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Regular version of the site

History of Ukraine

Academic Year
Instruction in English
ECTS credits
Course type:
Elective course
4 year, 3 module


Kotenko, Anton

Course Syllabus


The course is a survey of history of Ukraine since the early modern period until 1991. While contextualising and entangling the history of Ukraine and its multinational population in the context of broader Eastern European history, it familiarises the students with the history of Ukraine and its historiography. The main emphasis of the course is made on the 19 century; in particular, it explores how the concept of modern Ukraine appeared and investigates its competition with other national projects.
Learning Objectives

Learning Objectives

  • The course aims at familiarising the students with the historiography of history of Ukraine.
  • Students will study the outline of the history of Ukraine.
  • In particular they will explore the history of a concept of modern Ukraine and its main competitors.
Expected Learning Outcomes

Expected Learning Outcomes

  • Students will be introduced to the history and current state of the historiography of the history of Ukraine.
  • They will learn the outline of history of Ukraine in the early modern and modern period.
  • They will get acquainted with a practical application of ideas of entangled history.
Course Contents

Course Contents

  • Introduction. Does Ukraine have a history and what does it look like?
    What is “history” of “Ukraine”?; history of Ukraine vs. Ukrainian history; populist and statist narratives of Ukrainian history; state of art today: transnational approach towards Ukrainian history.
  • Ukraine as part of the Commonwealth of two nations. Cossacks, wars, and faith.
    Ukraine as part of the Commonwealth of two nations; Union of Lublin; Union of Brest; who were the Cossacks; Khmelnytsky uprising; 1654 and its multiple meanings.
  • From ashes to caviar: Ukraine enters the Russian empire.
    The battle of Poltava, its causes, consequences, and memories; smooth integration of Cossacks into the Russian empire.
  • Great Russian discovery of Little Russia.
    Multiple identities of the first half of the 19C; partitions of Polish-Lithuanian Commonwealth and unification of Ukraine under Catherine II; Great Russian discovery of Little Russia.
  • How many Russian nationalities were there in the Romanov empire?
    1800s Romantic interest in Ukraine; Saints Cyril and Methodius Brotherhood; how many Russian nationalities were there in the Russian empire; Valuev Circular.
  • Ukrainian question in the Romanov empire.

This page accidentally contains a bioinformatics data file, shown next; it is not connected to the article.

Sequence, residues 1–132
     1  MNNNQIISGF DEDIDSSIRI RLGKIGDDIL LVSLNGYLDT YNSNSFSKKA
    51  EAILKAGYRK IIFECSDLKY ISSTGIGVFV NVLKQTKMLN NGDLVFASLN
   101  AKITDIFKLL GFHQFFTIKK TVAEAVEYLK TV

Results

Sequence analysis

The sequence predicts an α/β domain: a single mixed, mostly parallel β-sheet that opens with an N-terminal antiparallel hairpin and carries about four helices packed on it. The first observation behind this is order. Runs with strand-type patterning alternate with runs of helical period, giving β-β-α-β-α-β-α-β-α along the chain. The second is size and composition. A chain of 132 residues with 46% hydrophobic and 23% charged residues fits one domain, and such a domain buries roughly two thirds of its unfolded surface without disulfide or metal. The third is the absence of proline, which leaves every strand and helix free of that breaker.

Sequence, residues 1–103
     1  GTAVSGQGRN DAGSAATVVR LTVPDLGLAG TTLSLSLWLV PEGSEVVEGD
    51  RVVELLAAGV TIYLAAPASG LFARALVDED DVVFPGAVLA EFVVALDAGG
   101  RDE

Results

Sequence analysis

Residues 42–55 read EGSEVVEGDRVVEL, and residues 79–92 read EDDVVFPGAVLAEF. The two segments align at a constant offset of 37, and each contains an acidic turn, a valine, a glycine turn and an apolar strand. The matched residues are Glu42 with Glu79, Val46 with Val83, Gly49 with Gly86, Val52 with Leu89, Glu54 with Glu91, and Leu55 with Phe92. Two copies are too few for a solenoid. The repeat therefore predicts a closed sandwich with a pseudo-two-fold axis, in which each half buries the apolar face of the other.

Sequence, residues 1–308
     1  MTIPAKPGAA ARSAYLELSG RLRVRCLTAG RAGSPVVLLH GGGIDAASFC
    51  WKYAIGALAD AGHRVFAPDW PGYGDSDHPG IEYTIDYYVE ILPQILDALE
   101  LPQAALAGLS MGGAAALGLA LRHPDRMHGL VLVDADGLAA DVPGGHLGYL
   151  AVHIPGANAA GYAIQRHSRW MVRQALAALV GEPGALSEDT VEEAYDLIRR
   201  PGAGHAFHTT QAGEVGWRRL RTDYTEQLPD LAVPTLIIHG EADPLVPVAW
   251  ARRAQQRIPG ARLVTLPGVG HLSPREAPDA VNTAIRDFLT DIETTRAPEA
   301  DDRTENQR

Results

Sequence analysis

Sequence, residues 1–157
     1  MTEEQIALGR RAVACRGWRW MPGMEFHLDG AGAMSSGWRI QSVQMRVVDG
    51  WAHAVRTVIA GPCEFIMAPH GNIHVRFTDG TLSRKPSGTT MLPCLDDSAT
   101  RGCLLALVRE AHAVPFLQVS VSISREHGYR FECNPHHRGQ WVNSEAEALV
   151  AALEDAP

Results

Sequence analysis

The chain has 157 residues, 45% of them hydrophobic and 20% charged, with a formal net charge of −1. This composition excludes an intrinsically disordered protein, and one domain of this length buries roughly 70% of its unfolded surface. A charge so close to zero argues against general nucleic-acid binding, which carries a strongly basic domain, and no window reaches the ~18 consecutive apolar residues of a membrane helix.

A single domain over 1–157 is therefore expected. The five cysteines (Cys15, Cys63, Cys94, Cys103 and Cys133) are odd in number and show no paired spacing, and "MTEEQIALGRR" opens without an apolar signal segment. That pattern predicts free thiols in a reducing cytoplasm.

Ems edict; Ukrainian movement in the Russian empire, 1860s–1914; Ukrainian movement in Galicia.
  • Revolutions and civil wars, 1917–1921.
    Ukraine during the Great War; three periods of Ukrainian revolutions; social history of the revolutions.
  • Ukraine as a part of the affirmative action empires.
    Ukraine as part of the Soviet Union and Polish Republic; imagined national and non-national communities and non-communities: case studies of interwar Soviet and Polish Volhynia.
  • Ukraine in the second half of the XX century. Conclusion.
    Ukraine in WW2; postwar; Chernobyl; independence.
Assessment Elements

Assessment Elements

  • non-blocking Seminar discussions
  • non-blocking Presentation
  • non-blocking Exam
  • non-blocking Roundtable
Interim Assessment

Interim Assessment

  • Interim assessment (3 module)
    0.3 * Exam + 0.2 * Presentation + 0.1 * Roundtable + 0.4 * Seminar discussions


Recommended Core Bibliography

  • Georgiy Kasianov, & Philipp Ther. (2009). Laboratory of Transnational History : Ukraine and Recent Ukrainian Historiography. Central European University Press.
  • Kate Brown. (2003). A Biography of No Place : From Ethnic Borderland to Soviet Heartland. Harvard University Press.
  • Lindheim, R., Naukove tovarystvo imeny Shevchenka (Canada), & Luckyj, G. S. N. (1996). Towards an Intellectual History of Ukraine : An Anthology of Ukrainian Thought From 1710 to 1995. University of Toronto Press, Scholarly Publishing Division.
  • Serhii Plokhy. (2001). The Cossacks and Religion in Early Modern Ukraine. OUP Oxford.
  • Yekelchyk, S. (2006). The Body and National Myth: Motifs from the Ukrainian National Revival in the Nineteenth Century. Ab Imperio, 3, 23–54.

Recommended Additional Bibliography

  • Faith Hillis. (2013). Children of Rus’ : Right-Bank Ukraine and the Invention of a Russian Nation. Cornell University Press.
  • Miller, A. I. (2003). The Ukrainian Question : The Russian Empire and Nationalism in the Nineteenth Century. Central European University Press.
  • Plokhy, S. (2005). Unmaking Imperial Russia : Mykhailo Hrushevsky and the Writing of Ukrainian History. University of Toronto Press, Scholarly Publishing Division.
  • Plokhy, S. (2006). The Origins of the Slavic Nations : Premodern Identities in Russia, Ukraine, and Belarus. Cambridge University Press.
  • Plokhy, S. (2012). The Cossack Myth : History and Nationhood in the Age of Empires. Cambridge University Press.
  • Plokhy, S. (2014). The Last Empire : The Final Days of the Soviet Union. Oneworld Publications.
  • Очерк истории Украины в средние века и раннее новое время, Яковенко, Н.Н., 2012
  • Последняя империя. Падение Советского Союза, Плохий, С., 2016